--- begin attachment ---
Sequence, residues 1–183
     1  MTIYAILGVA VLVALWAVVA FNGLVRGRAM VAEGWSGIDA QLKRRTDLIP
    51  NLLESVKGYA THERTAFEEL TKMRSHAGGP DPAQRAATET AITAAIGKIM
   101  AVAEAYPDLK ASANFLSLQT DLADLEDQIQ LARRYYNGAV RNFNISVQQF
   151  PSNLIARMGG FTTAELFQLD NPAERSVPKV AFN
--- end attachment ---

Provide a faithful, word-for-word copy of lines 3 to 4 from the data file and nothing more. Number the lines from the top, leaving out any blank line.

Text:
    51  NLLESVKGYA THERTAFEEL TKMRSHAGGP DPAQRAATET AITAAIGKIM
   101  AVAEAYPDLK ASANFLSLQT DLADLEDQIQ LARRYYNGAV RNFNISVQQF